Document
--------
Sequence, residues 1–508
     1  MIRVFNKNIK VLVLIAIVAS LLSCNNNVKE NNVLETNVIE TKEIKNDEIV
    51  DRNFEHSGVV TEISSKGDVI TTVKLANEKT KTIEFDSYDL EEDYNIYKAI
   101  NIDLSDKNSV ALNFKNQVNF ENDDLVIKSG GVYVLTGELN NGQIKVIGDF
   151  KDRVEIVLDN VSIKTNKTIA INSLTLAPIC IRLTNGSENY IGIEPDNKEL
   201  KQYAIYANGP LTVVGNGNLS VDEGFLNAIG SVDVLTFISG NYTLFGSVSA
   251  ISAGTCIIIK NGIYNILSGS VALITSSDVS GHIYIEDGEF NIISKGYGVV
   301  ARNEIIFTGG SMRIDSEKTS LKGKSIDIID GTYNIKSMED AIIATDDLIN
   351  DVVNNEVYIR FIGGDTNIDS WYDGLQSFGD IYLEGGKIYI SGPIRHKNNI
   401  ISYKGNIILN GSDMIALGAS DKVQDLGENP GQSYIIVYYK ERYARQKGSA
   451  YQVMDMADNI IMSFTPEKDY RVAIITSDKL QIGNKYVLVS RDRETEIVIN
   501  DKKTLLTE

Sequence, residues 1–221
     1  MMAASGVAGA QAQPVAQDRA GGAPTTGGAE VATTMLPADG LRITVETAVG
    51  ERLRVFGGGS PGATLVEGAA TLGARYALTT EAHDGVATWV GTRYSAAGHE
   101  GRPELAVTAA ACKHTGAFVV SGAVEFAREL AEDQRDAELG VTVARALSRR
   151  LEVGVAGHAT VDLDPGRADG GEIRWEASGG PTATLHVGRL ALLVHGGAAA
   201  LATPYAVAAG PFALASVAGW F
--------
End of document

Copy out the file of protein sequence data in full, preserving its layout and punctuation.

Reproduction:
Sequence, residues 1–508
     1  MIRVFNKNIK VLVLIAIVAS LLSCNNNVKE NNVLETNVIE TKEIKNDEIV
    51  DRNFEHSGVV TEISSKGDVI TTVKLANEKT KTIEFDSYDL EEDYNIYKAI
   101  NIDLSDKNSV ALNFKNQVNF ENDDLVIKSG GVYVLTGELN NGQIKVIGDF
   151  KDRVEIVLDN VSIKTNKTIA INSLTLAPIC IRLTNGSENY IGIEPDNKEL
   201  KQYAIYANGP LTVVGNGNLS VDEGFLNAIG SVDVLTFISG NYTLFGSVSA
   251  ISAGTCIIIK NGIYNILSGS VALITSSDVS GHIYIEDGEF NIISKGYGVV
   301  ARNEIIFTGG SMRIDSEKTS LKGKSIDIID GTYNIKSMED AIIATDDLIN
   351  DVVNNEVYIR FIGGDTNIDS WYDGLQSFGD IYLEGGKIYI SGPIRHKNNI
   401  ISYKGNIILN GSDMIALGAS DKVQDLGENP GQSYIIVYYK ERYARQKGSA
   451  YQVMDMADNI IMSFTPEKDY RVAIITSDKL QIGNKYVLVS RDRETEIVIN
   501  DKKTLLTE

Sequence, residues 1–221
     1  MMAASGVAGA QAQPVAQDRA GGAPTTGGAE VATTMLPADG LRITVETAVG
    51  ERLRVFGGGS PGATLVEGAA TLGARYALTT EAHDGVATWV GTRYSAAGHE
   101  GRPELAVTAA ACKHTGAFVV SGAVEFAREL AEDQRDAELG VTVARALSRR
   151  LEVGVAGHAT VDLDPGRADG GEIRWEASGG PTATLHVGRL ALLVHGGAAA
   201  LATPYAVAAG PFALASVAGW F